Climate change has caused global food productivity growth to drop more than 20% since the 1960s, despite the billions of dollars Big Ag has funnelled into production technologies. Meanwhile, some of the world’s biggest meat and dairy producers have been spending further billions to undercut climate action.
A study just published in the journal Nature Climate Change has produced the world’s first calculation of how the climate crisis “has historically affected agricultural production on a global scale,” reports Bloomberg Green.
Undertaken by researchers from Cornell University’s Charles H. Dyson School of Applied Economics and Management, the study found that 60 years of warming have produced a cumulative decline in food productivity growth equivalent to zero growth for the past seven years.
Notably, the lost productivity occurred “even as billions has been poured into improving agricultural production through the development of new seeds, sophisticated farm machinery, and other technological advances,” Bloomberg writes.
“Even though, globally, agriculture is more productive, that greater productivity on average doesn’t translate into more climate resilience,” explained study co-author Ariel Ortiz-Bobea, associate professor at Cornell Dyson.
And even as climate change has been holding back food production, some of the world’s biggest food producers have been holding back climate action, writes Inside Climate News. Just published in the journal Climatic Change, a study led by New York University found that “top U.S. meat and dairy companies, along with livestock and agricultural lobbying groups, have spent millions campaigning against climate action” while dragging their feet on their own emissions reduction pledges. Inside Climate points to a particular focus on denying the connection between animal agriculture and the climate crisis.
From fighting climate regulation efforts to spending more than US$3 billion over the last 20 years to lobby federal politicians, U.S. agribusiness (including corporate heavies like Arkansas-based Tyson Foods, the world’s second-largest processor and marketer of chicken, beef, and pork, and industry groups like the National Cattlemen’s Beef Association) has come out swinging against government attempts to rein in sector emissions.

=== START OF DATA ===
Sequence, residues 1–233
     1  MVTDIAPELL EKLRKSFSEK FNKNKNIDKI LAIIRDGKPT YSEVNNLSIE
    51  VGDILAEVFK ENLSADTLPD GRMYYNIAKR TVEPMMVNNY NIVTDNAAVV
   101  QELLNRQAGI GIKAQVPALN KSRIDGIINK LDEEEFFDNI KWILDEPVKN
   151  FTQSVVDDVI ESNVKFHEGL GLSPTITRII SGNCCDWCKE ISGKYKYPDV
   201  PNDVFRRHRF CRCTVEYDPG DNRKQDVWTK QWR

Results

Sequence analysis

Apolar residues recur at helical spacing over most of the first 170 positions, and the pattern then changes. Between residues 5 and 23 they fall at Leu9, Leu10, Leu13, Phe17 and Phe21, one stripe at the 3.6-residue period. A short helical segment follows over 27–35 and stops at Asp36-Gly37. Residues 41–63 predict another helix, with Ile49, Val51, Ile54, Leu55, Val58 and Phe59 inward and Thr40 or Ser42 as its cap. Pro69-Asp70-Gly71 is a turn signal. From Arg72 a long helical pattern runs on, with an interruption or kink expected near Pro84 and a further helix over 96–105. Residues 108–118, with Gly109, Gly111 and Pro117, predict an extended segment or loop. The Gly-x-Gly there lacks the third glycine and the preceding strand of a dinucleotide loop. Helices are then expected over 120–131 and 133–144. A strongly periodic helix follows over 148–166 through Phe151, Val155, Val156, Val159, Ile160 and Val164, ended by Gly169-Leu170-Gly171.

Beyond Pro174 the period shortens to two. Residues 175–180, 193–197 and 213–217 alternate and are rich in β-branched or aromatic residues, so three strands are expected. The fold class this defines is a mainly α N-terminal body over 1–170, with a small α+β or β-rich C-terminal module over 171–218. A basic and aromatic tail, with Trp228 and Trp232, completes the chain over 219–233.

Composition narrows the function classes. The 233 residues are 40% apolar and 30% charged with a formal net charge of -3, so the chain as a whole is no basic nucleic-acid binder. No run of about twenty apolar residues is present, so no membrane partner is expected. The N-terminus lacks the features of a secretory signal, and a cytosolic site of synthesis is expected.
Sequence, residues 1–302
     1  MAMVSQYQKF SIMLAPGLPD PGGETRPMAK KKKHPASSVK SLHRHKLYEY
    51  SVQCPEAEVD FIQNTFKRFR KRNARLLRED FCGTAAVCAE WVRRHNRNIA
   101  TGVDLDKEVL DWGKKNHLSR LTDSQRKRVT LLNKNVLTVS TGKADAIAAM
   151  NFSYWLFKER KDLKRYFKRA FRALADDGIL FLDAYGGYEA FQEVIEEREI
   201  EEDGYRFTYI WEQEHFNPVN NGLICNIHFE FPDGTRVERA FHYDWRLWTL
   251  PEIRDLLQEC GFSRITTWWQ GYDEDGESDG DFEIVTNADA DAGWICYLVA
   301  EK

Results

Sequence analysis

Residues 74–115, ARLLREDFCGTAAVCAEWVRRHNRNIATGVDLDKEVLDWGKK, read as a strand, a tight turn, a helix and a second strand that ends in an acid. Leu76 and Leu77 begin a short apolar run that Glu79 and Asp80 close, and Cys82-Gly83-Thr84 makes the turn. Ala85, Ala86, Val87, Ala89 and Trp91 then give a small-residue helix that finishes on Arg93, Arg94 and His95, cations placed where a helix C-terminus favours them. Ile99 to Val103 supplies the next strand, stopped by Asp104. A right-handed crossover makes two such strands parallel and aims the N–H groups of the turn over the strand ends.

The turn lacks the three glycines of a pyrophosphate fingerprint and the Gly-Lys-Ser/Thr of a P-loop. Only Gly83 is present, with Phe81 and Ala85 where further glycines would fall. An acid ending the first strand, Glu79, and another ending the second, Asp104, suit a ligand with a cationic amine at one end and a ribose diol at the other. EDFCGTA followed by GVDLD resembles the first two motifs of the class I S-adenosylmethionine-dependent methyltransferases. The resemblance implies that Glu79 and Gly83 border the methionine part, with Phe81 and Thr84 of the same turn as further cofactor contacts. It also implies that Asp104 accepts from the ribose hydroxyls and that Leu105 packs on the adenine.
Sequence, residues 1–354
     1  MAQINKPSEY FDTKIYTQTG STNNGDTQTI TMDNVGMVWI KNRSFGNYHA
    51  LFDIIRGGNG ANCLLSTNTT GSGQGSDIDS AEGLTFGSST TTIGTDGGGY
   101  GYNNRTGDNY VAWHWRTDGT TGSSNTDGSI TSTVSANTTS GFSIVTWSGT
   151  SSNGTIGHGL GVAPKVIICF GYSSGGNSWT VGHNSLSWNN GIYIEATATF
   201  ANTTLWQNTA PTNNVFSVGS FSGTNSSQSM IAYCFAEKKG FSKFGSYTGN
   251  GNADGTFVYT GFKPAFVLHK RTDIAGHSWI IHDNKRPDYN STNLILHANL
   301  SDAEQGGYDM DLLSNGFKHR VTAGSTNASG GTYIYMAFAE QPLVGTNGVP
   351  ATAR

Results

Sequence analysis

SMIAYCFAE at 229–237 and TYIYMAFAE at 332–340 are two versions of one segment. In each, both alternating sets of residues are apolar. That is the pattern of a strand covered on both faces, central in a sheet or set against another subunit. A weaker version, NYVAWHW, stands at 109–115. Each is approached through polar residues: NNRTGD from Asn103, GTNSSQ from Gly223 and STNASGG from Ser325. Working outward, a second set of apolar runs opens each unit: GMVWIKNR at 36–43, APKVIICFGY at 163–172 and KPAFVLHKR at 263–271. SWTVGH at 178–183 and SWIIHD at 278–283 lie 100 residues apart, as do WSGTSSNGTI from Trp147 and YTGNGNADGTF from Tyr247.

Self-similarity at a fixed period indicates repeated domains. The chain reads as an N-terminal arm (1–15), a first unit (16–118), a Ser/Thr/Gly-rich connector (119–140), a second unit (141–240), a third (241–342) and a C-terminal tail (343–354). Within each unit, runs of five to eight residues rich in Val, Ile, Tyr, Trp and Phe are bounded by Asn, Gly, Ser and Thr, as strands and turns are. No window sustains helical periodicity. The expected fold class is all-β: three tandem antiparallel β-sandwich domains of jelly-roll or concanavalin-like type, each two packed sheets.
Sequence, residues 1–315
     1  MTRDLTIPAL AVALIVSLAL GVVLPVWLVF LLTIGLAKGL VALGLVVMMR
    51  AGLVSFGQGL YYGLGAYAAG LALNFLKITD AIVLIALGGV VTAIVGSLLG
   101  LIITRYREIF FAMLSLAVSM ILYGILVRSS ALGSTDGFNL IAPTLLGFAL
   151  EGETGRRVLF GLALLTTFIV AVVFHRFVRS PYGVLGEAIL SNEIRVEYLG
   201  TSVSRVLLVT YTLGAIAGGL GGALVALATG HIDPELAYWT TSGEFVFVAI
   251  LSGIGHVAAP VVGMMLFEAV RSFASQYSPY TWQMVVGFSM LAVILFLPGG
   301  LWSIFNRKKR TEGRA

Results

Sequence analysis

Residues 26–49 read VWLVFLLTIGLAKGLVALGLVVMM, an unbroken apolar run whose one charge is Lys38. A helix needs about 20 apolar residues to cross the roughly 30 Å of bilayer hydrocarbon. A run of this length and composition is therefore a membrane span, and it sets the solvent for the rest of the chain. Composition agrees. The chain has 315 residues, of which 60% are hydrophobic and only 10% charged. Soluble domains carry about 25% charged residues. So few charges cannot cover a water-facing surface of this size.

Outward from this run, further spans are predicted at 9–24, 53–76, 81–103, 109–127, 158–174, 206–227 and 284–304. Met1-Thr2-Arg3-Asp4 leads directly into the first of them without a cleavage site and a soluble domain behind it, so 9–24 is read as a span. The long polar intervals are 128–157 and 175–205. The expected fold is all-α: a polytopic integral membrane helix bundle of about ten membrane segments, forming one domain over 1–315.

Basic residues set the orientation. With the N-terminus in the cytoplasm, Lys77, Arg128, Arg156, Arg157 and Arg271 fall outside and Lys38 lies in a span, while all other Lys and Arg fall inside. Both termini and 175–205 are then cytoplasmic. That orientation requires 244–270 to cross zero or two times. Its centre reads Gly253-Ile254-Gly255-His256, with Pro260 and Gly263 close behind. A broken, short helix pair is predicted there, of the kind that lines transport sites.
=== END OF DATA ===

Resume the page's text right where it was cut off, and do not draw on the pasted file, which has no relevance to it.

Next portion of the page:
At times, Big Ag has lobbied harder against climate action than even Big Oil. According to the study, “Tyson spent double what Exxon spent on political campaigns and 33% more on lobbying” in the past 20 years as a proportion of each company’s revenue, Inside Climate reports.
Reviewing the climate commitments of the world’s top meat and dairy producers, the report found that, “as of last summer, only four of the 35 companies—Dairy Farmers of America, Nestlé, Danish Crown, and Danone—had pledged to reach net-zero emissions by 2050.”
While China-based Smithfield and JBS have since issued pledges (the former to be carbon-negative by 2030 and the latter to be net-zero by 2040), and Minnesota-based Hormel told Inside Climate that it was “on a path to zero,” Cargill (also Minnesota-based) and New Zealand’s Fonterra are among the companies that remain silent on the subject of emissions reductions.
Even where present, however, Big Ag commitments to reduce emissions “are short on specifics” and in some cases very narrowly applied, Inside Climate notes. JBS, for example, has asserted that it cannot be held responsible for the emissions of third-party suppliers like feed producers.
Whether they assume that responsibility or not, however, such companies present a serious climate burden, with animal agriculture alone contributing more than 14% of global greenhouse gas emissions every year.
The NYU study also looked at how the future emissions of Big Ag companies “compared to the emissions reduction pledges of their home countries,” Inside Climate says. Among the grim discoveries: “emissions produced by Switzerland-based Nestlé, the world’s largest food company, and New Zealand-based dairy giant Fonterra were so high that they would eclipse their respective home country’s emissions pledges, in effect consuming the entirety of those countries’ emissions budgets.”
The researchers also discovered that “only seven of the 16 countries where the largest livestock producers are based mention animal agriculture in their plans to meet the targets of the Paris climate agreement.”
Bloomberg, meanwhile, notes the ironic timing of the Cornel Dyson study on the decline in food production growth: the revelations were tabled just as the United Nations’ World Food Programme issued a report warning of a “‘looming catastrophe’ with about 34 million people globally on the brink of famine”—thanks, in large part, to the climate crisis.